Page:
Pot grown Newcastelia

Summary of the final report on the Australian Flora Foundation funded project:

Techniques for improving Phytophthora resistance in potential new floricultural crop Newcastelia interrupta
Melinda Perkins
School of Agriculture and Food Sciences, The University of Queensland, Gatton      
July 2014  Grant details         Final report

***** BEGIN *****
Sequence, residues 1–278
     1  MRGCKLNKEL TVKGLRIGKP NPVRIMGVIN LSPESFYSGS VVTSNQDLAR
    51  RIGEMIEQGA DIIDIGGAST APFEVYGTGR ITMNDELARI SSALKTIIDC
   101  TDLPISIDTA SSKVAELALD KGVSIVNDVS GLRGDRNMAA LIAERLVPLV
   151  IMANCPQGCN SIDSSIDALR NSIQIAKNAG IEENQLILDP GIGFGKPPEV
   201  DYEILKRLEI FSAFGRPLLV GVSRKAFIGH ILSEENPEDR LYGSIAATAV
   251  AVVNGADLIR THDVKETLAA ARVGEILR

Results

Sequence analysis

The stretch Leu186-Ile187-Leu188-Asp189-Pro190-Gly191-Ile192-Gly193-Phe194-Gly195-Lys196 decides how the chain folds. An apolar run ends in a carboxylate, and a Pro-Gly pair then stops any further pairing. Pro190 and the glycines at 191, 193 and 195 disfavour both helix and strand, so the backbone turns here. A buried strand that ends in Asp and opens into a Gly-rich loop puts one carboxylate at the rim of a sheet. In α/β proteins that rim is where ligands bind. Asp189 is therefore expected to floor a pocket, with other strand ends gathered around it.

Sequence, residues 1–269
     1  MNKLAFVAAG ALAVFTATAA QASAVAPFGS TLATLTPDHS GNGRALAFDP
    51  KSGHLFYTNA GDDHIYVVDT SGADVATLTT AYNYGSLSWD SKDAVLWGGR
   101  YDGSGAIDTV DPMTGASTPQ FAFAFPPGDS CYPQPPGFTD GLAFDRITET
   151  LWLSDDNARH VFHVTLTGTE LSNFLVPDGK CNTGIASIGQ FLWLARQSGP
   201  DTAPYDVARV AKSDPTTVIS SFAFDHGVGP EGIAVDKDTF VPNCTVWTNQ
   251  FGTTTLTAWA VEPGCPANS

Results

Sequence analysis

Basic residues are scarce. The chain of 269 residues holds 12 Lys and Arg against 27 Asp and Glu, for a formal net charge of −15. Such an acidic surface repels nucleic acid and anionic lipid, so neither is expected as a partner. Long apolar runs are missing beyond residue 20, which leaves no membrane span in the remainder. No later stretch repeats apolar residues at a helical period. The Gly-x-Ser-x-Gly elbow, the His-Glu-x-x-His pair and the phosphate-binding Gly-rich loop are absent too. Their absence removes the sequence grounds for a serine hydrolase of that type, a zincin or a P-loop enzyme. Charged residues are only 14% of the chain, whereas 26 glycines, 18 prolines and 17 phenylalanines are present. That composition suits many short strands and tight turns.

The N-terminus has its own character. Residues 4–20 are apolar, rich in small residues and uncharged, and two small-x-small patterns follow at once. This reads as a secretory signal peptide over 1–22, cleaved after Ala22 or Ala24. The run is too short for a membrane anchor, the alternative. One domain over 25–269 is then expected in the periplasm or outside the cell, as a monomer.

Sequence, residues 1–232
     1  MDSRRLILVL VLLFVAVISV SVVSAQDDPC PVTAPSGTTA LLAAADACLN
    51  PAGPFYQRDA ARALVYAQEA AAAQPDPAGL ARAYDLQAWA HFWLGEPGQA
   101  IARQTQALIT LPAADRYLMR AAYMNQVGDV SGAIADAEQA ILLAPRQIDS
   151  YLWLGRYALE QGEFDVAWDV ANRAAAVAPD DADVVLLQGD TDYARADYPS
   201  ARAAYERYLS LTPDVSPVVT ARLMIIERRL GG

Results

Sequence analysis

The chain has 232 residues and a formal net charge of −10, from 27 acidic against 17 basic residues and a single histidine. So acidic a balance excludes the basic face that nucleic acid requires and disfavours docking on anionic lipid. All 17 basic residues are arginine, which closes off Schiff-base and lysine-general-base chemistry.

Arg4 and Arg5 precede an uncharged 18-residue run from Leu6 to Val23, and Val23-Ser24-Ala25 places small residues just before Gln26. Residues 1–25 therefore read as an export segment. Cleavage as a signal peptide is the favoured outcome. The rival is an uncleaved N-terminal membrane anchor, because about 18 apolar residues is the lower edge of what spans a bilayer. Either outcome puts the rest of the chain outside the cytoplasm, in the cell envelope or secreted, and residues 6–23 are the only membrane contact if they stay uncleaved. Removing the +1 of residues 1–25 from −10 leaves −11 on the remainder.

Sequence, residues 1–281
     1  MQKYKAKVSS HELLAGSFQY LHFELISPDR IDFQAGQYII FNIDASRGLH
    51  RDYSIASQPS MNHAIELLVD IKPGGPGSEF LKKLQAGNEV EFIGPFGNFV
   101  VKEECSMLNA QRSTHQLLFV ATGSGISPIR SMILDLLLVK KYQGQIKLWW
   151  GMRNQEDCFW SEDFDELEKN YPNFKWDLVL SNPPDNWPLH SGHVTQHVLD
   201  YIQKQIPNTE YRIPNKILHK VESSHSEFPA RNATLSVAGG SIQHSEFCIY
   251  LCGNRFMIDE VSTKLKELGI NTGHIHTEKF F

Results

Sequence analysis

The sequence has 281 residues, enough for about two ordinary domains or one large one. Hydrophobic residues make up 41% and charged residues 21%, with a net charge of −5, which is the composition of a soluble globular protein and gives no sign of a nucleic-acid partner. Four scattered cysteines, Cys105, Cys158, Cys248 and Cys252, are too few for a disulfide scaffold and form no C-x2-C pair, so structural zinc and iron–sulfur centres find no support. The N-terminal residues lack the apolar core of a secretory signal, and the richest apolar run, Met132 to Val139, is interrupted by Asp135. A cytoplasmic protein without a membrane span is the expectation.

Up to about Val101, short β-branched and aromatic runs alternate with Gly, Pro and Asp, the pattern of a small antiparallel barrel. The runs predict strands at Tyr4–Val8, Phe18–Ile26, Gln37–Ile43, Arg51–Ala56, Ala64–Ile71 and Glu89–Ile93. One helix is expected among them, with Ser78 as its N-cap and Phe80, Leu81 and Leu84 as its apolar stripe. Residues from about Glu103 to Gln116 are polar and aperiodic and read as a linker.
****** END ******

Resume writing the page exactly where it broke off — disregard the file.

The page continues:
Summary. Newcastelia interrupta is an herbaceous perennial plant that produces attractive flowering stems well-suited to ornamental horticulture. Initial attempts to cultivate the species have revealed that it is susceptible to the fungal root pathogen Phytophthora cinnamomi. Several N. interrupta genotypes were collected from a natural population in southern Queensland and subjected to trials aimed at improving resistance to P. cinnamomi infection. One approach was to graft N. interrupta onto rootstock of coastal rosemary (Westringia fruticosa), a related species known to be Phytophthora resistant. It was demonstrated that grafted plants could be produced, however the grafting success rate was extremely low for both side (10%) and wedge (1%) grafted plants after 28 weeks. A second approach was to determine whether N. interrupta is capable of forming mycorrhizal associations (mutually beneficial relationships with certain species of soil fungi) and, if so, whether these associations could be used to protect the plant against P. cinnamomi infection. N. interrupta root samples from the natural population exhibited two types of mycorrhizal associations, arbuscular mycorrhizae and ectomycorrhizae. A subsequent pot trial found that a commercial inoculant containing both arbuscular mycorrhizal fungi and ectomycorrhizal fungi produced plants with a higher shoot biomass than non-mycorrhizal plants. However, mycorrhizal plants showed no difference in growth or survival compared with nonmycorrhizal plants when challenged by inoculation with P. cinnamomi. Genotype was shown to have an effect on the survival of plants inoculated with P. cinnamomi, with one genotype exhibiting a survival rate of 95% compared with <62% for all other genotypes. Therefore, improving Phytophthora resistance in N. interrupta might be achieved through selection of genotypes that exhibit natural resistance towards the fungal pathogen.